JACKSONVILLE, Fla. – Three weeks after the Parkland high school massacre, Gov. Rick Scott has signed a school safety bill into law.
The Florida House passed the legislation on Wednesday, sending the measure straight to the governor’s office. When he signed the bill Friday afternoon, the following provisions went into effect immediately:
- The minimum age to buy a rifle is changed from 18 to 21.
- There is a three-day waiting period on weapon sales.
- Properly trained school staff, including some teachers, are allowed to carry handguns at school.
The fourth provision, a bump stock ban, will take effect Oct. 1.
The bill is proving to be controversial as it has evolved over the past few weeks.
Parents that News4Jax spoke with are pleased to see state leaders addressing the issues of school safety and gun control and making change. Some are hesitant about guns in schools, but maintain that something needs to be done.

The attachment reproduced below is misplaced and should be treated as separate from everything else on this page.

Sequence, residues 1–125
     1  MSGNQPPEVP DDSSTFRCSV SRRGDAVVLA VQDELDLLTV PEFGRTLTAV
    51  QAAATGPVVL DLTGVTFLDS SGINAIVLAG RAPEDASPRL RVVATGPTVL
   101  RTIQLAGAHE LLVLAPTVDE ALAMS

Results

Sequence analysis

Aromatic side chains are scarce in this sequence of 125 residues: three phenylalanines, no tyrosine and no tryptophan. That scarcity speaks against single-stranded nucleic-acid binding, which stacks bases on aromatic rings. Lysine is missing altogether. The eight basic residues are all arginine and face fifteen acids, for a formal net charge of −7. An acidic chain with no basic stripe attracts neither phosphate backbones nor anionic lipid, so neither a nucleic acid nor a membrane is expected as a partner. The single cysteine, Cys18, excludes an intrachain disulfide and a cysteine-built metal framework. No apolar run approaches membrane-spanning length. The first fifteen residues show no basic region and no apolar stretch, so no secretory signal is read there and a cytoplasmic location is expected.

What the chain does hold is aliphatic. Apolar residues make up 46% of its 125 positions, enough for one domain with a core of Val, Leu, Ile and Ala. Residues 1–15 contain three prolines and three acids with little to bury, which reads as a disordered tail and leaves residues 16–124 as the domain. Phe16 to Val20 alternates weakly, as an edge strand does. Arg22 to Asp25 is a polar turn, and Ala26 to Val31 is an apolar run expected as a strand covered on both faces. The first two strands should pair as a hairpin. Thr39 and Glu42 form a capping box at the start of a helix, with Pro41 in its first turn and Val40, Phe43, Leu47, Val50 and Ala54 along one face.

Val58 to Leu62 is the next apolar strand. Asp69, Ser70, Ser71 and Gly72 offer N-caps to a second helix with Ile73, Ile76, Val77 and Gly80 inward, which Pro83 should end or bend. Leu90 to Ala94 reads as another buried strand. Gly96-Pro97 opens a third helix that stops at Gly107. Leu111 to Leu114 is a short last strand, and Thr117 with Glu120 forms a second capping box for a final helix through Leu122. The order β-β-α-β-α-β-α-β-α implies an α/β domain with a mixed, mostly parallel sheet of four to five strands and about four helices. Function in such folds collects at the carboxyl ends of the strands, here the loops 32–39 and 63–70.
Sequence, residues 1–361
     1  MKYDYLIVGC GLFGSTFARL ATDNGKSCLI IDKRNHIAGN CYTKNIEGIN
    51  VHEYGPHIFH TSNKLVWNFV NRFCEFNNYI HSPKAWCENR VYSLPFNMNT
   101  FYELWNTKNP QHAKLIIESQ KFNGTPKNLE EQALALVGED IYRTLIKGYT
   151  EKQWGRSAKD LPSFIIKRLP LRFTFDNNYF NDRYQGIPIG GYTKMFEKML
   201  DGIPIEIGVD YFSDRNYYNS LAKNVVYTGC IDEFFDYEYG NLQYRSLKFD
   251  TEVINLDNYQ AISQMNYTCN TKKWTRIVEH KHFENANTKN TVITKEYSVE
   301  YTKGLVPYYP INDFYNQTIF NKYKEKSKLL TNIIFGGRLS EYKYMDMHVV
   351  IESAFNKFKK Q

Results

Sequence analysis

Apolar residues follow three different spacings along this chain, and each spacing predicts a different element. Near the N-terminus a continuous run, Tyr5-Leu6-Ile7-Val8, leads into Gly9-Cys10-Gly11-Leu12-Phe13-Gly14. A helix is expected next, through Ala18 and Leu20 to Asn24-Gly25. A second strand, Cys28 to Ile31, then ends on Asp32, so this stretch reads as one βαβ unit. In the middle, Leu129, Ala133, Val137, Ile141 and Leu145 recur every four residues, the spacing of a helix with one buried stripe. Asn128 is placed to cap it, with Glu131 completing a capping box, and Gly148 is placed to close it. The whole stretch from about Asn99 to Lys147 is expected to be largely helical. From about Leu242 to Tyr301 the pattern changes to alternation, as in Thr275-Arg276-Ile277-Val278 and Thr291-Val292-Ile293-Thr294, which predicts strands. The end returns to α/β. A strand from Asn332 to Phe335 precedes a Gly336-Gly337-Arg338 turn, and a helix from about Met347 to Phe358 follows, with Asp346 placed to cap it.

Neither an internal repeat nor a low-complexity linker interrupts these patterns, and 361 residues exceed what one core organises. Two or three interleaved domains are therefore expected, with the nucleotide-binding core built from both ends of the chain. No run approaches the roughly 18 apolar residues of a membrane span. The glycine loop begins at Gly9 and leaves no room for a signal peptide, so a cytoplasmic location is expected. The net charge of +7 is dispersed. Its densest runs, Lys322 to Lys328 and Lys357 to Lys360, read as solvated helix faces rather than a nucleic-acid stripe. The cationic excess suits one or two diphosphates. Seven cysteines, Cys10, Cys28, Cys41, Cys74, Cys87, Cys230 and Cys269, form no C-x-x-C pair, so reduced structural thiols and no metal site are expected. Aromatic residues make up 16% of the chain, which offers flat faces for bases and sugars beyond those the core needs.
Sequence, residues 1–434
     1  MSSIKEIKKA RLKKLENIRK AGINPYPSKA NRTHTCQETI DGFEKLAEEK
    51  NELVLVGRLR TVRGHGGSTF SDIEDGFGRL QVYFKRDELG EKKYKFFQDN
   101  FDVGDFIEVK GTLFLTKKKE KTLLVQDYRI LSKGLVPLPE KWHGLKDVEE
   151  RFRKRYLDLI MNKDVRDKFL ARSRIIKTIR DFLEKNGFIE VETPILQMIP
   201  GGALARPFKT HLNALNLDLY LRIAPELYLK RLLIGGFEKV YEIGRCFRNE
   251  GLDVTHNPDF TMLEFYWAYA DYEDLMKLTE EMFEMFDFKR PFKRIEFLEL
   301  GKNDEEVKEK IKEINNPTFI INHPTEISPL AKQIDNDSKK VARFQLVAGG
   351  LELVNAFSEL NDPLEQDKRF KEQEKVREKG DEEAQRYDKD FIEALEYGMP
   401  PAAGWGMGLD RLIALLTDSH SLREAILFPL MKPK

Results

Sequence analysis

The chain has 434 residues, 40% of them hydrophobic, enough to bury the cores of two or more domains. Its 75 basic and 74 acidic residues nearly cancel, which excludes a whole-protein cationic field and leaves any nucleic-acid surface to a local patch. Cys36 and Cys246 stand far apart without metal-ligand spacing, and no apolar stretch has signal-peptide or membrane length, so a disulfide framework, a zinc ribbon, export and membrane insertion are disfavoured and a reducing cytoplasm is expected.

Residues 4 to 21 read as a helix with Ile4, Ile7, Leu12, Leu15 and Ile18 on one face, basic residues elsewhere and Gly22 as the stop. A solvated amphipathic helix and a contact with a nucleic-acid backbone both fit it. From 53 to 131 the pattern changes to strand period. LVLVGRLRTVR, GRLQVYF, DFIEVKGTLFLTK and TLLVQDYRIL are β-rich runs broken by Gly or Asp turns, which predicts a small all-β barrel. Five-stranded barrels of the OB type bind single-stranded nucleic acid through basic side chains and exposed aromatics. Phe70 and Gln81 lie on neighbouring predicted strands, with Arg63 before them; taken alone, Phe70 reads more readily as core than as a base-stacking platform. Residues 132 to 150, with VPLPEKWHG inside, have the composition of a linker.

News4Jax spoke with a mother of four, who said Friday marked a step in the right direction.
"Thank goodness that this is enacted this quickly because something has to be done," Tammy Miller said. "It is just a tragedy that we are hearing about more and more often. School is supposed to be one of the safest places and our children are there every day."
Miller said she supports the part of the bill that allows for certain teachers to be properly trained and armed, because they can react quickly and save lives.
News4Jax also spoke with Shirley Stephenfield-Wynne, a former teacher of 30 years who said enough is enough.
"Violence every day, and it doesn't matter if it is a large school in a large city," Stephenfield-Wynne said. "Keystone Heights just had to close schools because of a threat written on the bathroom wall, and that is terrifying."
Parents are praising the students who faced tragedy and then took action.
Scott told students on Friday that they should be proud. He said they are the ones who helped make this change happen, and they are the ones who made the difference.